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16th March

Judges 16-18; Psalm 75

Bible in a Year
6 minutes
In this article
16th March

Judges 16-18; Psalm 75

Bible in a Year
6 minutes


So far in Judges, we've read through the introduction that sets the cycle for the rest of the book. The Israelites failed to remove the other nations from the land completely when they conquered it. Because of this, these other nations led the Israelites to turn away from God.

This created a cycle. The Israelites would turn away from God and his protection. God would allow a foreign nation to come and oppress his people. The Israelites would then realise their mistake and turn back to God. God would send judges, tribal leaders, to rescue the people and the lead them back to him. The people would live in peace for a while, before getting complacent and turning away from God again.

We then read through the first few iterations of this cycle with the judges, Othniel, Ehud, and Shamgar. Each led the Israelites to defeat the enemies that oppressed them and then live in an extended period of peace. But for each, after they died, the Israelites once again turned away from God and back to their own desires. These were followed by Deborah, who, along with a woman named Jael, helped Israel defeat their Canaanite enemies.

But then came Gideon, who wasn't as good a judge. He helped the Israelites defeat the Midianites and gave them 40 years of peace. But through it all, he often lacked confidence in God and was violent and oppressive to the people he was meant to lead. Gideon was followed by his son Abimelech, who was even more aggressive than Gideon. He killed all his brothers and then caused a civil war.

Next up was Jephthah, who completely misunderstood the character of God and sacrificed his daughter to God. He then caused an even bigger civil war where 42,000 Ephraimites died. Then yesterday we read about Samson who looked like he was going to be different. God came down and told his mother she would give birth to a son who would save the people and was to live a holy life. But Samson was born and turned his back on his duty instead living a hedonistic lifestyle.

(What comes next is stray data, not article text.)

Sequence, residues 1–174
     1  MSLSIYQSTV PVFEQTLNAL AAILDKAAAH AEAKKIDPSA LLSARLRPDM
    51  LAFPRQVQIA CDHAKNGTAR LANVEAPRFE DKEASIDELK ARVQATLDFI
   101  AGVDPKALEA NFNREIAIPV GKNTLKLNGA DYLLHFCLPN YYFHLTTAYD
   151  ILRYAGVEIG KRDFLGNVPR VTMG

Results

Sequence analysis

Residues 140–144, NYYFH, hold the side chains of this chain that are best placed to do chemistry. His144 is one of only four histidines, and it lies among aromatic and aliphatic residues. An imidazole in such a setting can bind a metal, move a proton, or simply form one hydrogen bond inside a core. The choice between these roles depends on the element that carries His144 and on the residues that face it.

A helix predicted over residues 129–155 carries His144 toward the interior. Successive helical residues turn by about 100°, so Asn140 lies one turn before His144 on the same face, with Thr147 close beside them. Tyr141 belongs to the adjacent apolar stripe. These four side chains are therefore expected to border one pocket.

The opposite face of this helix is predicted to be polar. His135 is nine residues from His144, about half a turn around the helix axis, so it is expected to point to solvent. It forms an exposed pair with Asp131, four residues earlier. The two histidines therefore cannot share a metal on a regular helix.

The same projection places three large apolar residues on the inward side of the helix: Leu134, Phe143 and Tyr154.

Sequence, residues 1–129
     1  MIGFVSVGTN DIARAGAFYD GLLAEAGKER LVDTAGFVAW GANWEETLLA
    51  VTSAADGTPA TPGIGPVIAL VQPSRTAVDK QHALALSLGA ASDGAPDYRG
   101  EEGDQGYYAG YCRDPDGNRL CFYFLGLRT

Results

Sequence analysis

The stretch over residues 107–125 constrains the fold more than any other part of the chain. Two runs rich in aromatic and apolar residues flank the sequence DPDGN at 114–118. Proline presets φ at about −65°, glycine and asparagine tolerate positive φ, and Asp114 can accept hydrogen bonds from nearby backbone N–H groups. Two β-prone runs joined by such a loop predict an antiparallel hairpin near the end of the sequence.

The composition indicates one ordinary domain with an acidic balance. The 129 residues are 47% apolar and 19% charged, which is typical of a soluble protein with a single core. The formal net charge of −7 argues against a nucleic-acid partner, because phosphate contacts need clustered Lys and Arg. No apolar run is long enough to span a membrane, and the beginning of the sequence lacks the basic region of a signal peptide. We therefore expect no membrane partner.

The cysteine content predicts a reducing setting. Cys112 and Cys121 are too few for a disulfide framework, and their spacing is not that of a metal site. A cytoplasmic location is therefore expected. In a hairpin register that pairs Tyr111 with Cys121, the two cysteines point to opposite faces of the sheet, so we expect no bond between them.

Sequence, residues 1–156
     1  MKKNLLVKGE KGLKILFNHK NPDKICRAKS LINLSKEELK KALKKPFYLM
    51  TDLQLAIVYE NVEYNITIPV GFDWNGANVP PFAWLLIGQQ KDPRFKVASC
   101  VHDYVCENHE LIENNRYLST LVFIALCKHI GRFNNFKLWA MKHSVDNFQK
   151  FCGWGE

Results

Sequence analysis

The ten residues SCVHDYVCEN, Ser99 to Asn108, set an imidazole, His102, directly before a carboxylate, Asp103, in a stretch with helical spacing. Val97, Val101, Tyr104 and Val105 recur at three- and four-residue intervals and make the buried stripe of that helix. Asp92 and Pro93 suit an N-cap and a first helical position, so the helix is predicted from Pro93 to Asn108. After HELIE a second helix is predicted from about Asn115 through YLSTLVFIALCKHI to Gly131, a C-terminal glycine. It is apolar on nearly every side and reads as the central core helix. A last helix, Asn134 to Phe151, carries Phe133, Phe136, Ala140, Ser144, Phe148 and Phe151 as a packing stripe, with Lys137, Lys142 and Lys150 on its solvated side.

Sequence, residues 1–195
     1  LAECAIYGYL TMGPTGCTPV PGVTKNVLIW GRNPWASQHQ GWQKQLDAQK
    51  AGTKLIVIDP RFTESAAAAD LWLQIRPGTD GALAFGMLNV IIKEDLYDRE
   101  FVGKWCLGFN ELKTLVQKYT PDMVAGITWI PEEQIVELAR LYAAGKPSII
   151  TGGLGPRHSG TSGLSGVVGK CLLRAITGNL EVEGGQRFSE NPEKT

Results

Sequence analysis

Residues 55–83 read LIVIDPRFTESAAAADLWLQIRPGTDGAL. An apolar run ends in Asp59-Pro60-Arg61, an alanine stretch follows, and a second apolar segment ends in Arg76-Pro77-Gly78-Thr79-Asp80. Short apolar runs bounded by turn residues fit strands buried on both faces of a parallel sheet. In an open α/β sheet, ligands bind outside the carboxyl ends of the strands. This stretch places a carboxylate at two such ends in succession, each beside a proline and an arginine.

Judges 16-18

We see Samson's story continue. First, he gets caught up with a prostitute and then he gets caught up with a woman called Delilah. Like Samson's first wife, Delilah is manipulated by the leaders of the Philistines to get the better of Samson.

Three times she asks Samson for the source of his strength, and three times he lies to her. Each time she tries to bind him and calls the Philistines to get him, but he bursts out of his bindings.

The writer does not paint Samson in a good light here. Either he is extraordinarily proud, or he is just plain stupid. If he's proud, it's because he believes that, even if they do cut his hair, he could still defeat them and escape. If it's stupid, it's because he is completely smitten with Delilah and honestly believes she won't betray him again. Either way, this is not the behaviour of a judge of Israel.

The final time Delilah cuts his hair, the Philistines capture him, put out his eyes and place him in jail. A little time later, they have a party and bring out Samson to laugh at him.

During this time, some of Samson's hair has grown back and so Samson prays to God, asking him for his strength back. He then reaches out to touch the pillars keeping up the roof and collapses the whole building, killing himself and everyone inside.

The writer mentions how Samson killed more Philistines that day than in his entire life. Despite Samson's terrible behaviour, God's will was still achieved. God is still in control.

From here, things go from bad to worse. Having read of the decline of Israel’s judges, we now digger deeper into the decline of the Israelites themselves. We read a few times over the next few chapters "Everyone did what was right in his own eyes".

We start with a young man called Micah, who steals from his mother but decides to return the silver after she curses whoever stole it. To forgive him, she has some of the silver turned into an idol and gives it to him.

Obviously, we know the people were not meant to make idols for themselves, so already we can see this is bad. Along with this idol, Micah makes a shrine for the idol and an ephod so he can make his son a priest in his shrine.